We’re obviously the wrong people to ask that question as we put stuff off too long, most likely. (Though when one of the 20 year old water heaters broke, we got both of them replaced at the same time.)

      The UV film is pretty cheap– something <$40/window for our super long windows and you can do it yourself, but we decided to go the screen route instead, in theory (not that we've made any arrangements to actually do them yet). We bought and returned UV film unopened.

      • SP Says:

        Any reason screens over UV film?

      • nicoleandmaggie Says:

        I think the main reason is that our big windows get a TONNE of light and the screens do a better job of blocking that.

        DH says: the brief websearching I did all said that outside screens were way better at reducing the incoming radiation

        But UV film is cheap and can be done yourself and is better than nothing, and since it’s held up by static electricity (IIRC), it’s easy to remove.

      • nicoleandmaggie Says:

        Now DH says: We should do further investigation.

        Which is what happens when one marries (or is) an engineer.

        DH: oh, and the energy audit guy was the one who recommended the solar screens specifically
        because they block the heat before it reaches the window

      • SP Says:

        Interesting. I shall do more research. They claim to block 99% of UV, but that comes from the manufacturer. I also don’t like the look of screens compared to plain glass. I just love all the open window views we have, and energy savings is a very minor concern (due to climate, not ’cause I hate the planet).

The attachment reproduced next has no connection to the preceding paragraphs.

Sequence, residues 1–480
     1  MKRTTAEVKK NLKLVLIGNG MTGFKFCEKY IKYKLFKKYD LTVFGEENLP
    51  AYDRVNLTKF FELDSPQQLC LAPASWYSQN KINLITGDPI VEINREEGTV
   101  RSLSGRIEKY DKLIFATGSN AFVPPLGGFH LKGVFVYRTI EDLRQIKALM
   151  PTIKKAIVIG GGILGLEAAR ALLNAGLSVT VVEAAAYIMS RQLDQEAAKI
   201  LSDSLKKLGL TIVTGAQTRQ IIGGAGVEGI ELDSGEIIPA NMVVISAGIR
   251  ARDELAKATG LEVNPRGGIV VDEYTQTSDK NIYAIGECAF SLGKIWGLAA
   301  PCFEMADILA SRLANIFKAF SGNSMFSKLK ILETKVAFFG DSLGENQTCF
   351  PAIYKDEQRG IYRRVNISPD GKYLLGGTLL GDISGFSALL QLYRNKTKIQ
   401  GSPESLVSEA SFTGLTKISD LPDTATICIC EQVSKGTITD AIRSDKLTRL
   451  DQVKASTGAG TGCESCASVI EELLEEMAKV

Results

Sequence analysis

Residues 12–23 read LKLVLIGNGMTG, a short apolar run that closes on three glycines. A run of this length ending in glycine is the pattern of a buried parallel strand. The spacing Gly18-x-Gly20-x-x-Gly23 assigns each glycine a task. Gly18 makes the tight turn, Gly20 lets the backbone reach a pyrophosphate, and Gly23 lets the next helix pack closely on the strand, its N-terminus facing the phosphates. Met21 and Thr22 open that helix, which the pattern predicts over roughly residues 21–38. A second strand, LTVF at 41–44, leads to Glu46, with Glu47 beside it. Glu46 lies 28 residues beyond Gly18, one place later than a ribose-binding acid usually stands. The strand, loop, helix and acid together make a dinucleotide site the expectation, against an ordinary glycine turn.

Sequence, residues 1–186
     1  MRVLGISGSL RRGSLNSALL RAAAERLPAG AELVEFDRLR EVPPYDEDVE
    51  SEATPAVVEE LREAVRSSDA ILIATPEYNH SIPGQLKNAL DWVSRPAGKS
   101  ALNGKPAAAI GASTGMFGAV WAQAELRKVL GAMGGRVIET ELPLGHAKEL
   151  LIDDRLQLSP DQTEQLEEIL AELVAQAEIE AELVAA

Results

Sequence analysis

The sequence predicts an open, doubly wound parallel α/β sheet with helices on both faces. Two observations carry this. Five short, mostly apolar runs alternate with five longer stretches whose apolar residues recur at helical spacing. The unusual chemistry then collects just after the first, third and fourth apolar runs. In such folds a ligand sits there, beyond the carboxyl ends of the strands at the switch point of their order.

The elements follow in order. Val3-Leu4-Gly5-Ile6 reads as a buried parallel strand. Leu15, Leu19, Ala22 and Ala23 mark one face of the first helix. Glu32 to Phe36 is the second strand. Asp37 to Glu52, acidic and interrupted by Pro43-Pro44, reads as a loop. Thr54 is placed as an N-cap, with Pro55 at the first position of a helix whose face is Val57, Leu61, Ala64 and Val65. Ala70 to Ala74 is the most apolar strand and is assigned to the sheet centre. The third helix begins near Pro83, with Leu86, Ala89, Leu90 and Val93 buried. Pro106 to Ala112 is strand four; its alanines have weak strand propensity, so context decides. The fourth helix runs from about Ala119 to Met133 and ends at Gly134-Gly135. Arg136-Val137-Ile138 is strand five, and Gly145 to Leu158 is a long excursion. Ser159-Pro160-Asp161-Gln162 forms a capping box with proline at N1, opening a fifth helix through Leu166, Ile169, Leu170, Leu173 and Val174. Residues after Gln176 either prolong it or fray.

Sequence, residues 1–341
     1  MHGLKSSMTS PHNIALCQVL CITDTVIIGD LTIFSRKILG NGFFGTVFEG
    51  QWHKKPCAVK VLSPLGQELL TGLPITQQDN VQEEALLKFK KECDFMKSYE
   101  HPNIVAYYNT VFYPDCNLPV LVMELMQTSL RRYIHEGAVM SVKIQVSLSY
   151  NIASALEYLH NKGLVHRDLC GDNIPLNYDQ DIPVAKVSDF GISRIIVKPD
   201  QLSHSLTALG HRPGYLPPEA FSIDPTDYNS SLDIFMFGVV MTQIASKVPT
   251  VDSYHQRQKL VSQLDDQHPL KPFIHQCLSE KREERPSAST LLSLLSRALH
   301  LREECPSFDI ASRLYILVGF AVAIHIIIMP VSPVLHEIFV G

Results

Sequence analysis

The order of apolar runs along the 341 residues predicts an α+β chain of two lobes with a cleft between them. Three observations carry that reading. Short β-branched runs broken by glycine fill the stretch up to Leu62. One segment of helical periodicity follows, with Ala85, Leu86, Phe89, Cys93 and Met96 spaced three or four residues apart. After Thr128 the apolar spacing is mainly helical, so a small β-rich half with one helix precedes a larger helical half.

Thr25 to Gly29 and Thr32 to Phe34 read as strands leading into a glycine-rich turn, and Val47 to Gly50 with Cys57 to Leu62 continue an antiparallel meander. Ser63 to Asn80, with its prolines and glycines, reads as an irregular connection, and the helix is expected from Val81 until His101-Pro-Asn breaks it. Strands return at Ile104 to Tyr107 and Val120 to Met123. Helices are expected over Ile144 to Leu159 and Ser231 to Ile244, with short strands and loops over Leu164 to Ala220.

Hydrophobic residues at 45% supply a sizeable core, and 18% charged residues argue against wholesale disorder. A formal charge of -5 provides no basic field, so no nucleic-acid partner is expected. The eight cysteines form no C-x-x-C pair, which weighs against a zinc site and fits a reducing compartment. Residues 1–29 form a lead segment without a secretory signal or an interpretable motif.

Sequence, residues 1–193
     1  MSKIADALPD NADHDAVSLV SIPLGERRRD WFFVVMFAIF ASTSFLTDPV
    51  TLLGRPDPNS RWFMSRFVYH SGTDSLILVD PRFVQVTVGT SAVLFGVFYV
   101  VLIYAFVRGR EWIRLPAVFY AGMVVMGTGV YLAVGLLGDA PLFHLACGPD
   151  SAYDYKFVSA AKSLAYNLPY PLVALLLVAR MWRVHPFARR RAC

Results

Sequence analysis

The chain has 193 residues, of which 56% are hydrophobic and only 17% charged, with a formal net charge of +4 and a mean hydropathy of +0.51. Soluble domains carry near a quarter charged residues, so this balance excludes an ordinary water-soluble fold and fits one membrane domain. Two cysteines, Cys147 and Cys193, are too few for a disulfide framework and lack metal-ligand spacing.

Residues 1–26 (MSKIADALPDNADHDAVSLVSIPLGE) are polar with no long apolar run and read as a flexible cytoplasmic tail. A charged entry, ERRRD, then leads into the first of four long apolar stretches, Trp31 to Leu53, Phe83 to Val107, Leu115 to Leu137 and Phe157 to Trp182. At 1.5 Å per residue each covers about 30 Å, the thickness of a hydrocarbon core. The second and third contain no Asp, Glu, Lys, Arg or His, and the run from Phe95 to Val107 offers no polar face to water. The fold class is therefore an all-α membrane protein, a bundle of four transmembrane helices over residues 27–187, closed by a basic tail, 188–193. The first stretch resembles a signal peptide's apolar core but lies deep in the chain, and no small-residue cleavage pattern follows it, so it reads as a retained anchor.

We’ll probably eventually get curtains or blinds, but I still just can’t believe the prices. I didn’t know they were held on by static. Anyway, I’ll let you know if we end up doing it!

      • nicoleandmaggie Says:

        DH says our concern is heat, not just UV.

    • Rosa Says:

      I’m on team “wait for it to break”. Sock the money away (we have a quite old wooden house, so we should probably be putting away 5% of the value of the house every year – we actually do 3% and if our insurance hadn’t come through this year we would have had to borrow for necessary repairs).

      one reason to wait is that if you’re really there a long time, you’ll just be doing it again. If our endless kitchen remodel had been done in a year, I’d probably be looking at repainting instead of painting. (the functional parts are done. The esthetic parts – which are not at all esthetic, we currently have 50 year old linoleum and exposed drop-ceiling supports with wires & old ceiling decorative paper above them – keep getting bumped back in favor of functional issues in other parts of the house)

  15. Revanche Says:

    I was a renter for so long before this (and poor!) that I’m still in the mindset that it has to be structurally broken or heading into the area of being unhygienic to spend money on it. PiC is not so constrained, however, so we do things like upgrade some furniture that I would have used til it fell apart – literally! – or buy things I consider decorative, like rugs.

    And yet, we still haven’t replaced that bathroom fan that rattles alarmingly. It works, but I think that the annoyance of having it fixed is greater than listening to it roar.

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    […] to hire contractors from the nearest city to take care of everything.  That worked well with our bathroom flooring.  We’re not going with a local contractor because all the ones with webpages have horrific […]